CES 2024: AMD’s Ryzen 8000 G-Series Chips Level Up Integrated Graphics Check out our complete coverage of CES 2024

From www.pcmag.com

With AMD’s new Ryzen 8000 G-Series processors, unveiled Monday at CES, the integrated graphics gaming market is about to take a major leap forward. By combining AMD’s Zen 4 architecture with a current-gen RDNA 3 graphics core and an XDNA AI engine, these processors are designed to offer the best possible gaming experience without a standalone graphics card. AMD also announced a few new AM4 processors, helping to keep its old yet reliable AM4 platform alive a while longer.


Ryzen 7 8700G: An Integrated Graphics Champion

By combining its most up-to-date processor and graphics technologies into a single package, AMD is on the cusp of pushing integrated graphics performance to a new high. The star in AMD’s new Ryzen 8000 G-Series processor lineup is the AMD Ryzen 7 8700G, which will ship with eight SMT-enabled Zen 4 processor cores with a maximum turbo clock speed of 5.1GHz.

AMD Ryzen 7 8700G

(Credit: AMD)

AMD didn’t detail exactly how many shaders are present in the 8700G, but from the die shot photos provided it appears the chip contains six pairs of Radeon compute units with 64 shaders each, adding up to a total of 768 streaming processors. These graphics resources are labeled as the Radeon 780M and are based on the RDNA 3 architecture that is also used in AMD’s Radeon RX 7000-series of graphics cards.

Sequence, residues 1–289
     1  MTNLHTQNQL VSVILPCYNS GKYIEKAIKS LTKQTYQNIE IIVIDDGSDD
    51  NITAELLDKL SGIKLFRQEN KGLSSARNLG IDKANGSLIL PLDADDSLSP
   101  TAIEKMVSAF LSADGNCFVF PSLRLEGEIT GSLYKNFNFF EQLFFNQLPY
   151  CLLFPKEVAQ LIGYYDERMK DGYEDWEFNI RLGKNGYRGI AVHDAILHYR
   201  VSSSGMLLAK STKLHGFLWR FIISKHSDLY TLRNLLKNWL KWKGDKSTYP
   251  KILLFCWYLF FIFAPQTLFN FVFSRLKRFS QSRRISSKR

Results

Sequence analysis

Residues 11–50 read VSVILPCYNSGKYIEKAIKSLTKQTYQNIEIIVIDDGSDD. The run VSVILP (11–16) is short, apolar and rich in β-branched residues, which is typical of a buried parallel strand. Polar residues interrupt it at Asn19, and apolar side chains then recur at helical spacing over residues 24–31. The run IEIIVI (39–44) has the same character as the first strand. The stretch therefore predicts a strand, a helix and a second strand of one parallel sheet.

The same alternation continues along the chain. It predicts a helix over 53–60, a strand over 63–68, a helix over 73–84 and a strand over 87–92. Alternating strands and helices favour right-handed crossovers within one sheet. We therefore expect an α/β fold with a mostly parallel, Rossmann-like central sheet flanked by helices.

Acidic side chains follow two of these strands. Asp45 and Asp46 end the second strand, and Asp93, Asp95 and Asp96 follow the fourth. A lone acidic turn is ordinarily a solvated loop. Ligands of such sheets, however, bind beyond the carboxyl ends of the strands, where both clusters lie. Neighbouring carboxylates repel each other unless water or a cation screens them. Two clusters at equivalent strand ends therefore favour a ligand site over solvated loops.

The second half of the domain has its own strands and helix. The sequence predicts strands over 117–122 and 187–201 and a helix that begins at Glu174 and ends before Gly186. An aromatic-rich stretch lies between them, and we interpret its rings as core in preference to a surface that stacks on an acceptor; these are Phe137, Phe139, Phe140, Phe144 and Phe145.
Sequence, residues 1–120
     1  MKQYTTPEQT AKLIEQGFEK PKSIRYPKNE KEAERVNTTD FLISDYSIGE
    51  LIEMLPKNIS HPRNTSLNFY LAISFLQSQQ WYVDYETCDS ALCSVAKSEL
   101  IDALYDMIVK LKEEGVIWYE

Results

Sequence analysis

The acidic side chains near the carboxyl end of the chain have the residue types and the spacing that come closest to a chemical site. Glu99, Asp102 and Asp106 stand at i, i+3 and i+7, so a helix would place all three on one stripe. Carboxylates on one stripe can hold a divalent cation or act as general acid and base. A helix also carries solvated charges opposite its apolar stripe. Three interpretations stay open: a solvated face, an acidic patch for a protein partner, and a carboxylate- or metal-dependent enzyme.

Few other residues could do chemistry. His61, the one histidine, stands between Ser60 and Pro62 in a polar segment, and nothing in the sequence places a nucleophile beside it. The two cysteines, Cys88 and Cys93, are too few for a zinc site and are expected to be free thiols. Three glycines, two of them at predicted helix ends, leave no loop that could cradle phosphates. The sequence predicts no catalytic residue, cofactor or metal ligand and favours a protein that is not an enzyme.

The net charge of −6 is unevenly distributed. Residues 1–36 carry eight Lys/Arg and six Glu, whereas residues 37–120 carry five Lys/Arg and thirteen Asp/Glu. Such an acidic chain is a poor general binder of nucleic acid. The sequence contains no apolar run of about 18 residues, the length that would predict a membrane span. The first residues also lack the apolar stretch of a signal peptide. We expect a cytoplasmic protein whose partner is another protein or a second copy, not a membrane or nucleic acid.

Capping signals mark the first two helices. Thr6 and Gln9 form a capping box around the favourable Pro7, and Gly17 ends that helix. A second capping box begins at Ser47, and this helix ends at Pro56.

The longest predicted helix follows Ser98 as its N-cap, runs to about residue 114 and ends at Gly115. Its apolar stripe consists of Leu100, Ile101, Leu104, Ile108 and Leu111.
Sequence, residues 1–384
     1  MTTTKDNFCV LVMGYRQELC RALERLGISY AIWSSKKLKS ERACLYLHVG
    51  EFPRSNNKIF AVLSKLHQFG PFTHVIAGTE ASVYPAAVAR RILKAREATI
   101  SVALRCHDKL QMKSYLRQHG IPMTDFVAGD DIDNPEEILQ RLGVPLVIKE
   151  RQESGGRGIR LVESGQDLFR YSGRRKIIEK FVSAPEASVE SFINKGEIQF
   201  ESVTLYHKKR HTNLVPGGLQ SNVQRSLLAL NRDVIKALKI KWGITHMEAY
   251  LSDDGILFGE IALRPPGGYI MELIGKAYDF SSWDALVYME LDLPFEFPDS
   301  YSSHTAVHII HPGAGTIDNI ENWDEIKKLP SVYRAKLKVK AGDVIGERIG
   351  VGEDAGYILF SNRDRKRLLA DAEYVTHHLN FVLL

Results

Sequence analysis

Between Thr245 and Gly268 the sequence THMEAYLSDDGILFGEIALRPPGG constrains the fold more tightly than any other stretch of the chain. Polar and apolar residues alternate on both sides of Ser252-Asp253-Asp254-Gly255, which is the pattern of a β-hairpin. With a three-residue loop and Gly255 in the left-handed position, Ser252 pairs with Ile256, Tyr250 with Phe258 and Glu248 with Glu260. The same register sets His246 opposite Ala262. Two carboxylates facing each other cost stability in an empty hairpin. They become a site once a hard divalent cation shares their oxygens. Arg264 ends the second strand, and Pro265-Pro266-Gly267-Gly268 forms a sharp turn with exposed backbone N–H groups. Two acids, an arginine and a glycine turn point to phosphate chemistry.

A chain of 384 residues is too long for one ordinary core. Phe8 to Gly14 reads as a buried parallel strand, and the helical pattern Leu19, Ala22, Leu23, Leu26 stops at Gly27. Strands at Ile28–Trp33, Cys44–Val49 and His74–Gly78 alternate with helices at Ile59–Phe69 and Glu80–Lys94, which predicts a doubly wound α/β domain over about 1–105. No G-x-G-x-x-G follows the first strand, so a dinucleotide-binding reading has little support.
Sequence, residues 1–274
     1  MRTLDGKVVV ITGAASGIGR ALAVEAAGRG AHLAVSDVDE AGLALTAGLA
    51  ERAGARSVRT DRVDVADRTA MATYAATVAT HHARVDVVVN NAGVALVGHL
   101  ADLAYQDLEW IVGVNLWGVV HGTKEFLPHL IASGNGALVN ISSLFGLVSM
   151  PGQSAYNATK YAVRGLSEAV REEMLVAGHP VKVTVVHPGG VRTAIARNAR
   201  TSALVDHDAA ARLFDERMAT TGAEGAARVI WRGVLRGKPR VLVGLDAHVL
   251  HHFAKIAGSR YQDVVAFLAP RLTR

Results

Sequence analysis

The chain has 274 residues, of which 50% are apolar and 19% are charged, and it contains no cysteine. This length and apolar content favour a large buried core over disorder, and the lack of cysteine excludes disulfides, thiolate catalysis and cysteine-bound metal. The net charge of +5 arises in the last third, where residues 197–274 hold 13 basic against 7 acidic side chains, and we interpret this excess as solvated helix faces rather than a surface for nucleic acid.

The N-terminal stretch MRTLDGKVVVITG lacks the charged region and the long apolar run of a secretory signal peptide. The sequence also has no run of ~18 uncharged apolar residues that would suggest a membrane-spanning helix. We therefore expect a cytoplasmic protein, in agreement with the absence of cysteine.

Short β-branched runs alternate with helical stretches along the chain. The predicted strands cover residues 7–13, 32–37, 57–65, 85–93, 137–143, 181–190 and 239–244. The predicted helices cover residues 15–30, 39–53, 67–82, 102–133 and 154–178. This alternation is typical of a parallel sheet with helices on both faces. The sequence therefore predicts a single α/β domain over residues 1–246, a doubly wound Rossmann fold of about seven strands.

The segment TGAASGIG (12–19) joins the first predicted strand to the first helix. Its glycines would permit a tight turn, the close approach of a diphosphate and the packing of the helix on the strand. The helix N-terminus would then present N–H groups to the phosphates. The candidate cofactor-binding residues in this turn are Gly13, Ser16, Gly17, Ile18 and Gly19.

AMD Ryzen 8000 G-Series Processors

(Credit: AMD)

These specs alone will give the Ryzen 7 8700G a huge leg up over its predecessor, the Ryzen 7 5700G. That chip was also impressive for its time, but its CPU cores are based on the Zen 3 architecture, and they top out at 4.6GHz. The 5700G’s graphics chip also has just 512 shaders, and they are based on the fifth-generation GCN architecture better known as Vega, which itself is now three generations old at this point. That’s not to mention the benefits of the new AM5 platform that supports DDR5 memory and other smaller changes, all of which help to catapult the new Ryzen 8000 G-Series processors to heights the older Ryzen 5000 G-Series processors could never dream of.

We also can’t forget about support for ray tracing, which is typically too demanding for integrated graphics but still might be usable at 1080p resolutions with these chips.

AMD Ryzen 8000 G-Series Processors

(Credit: AMD)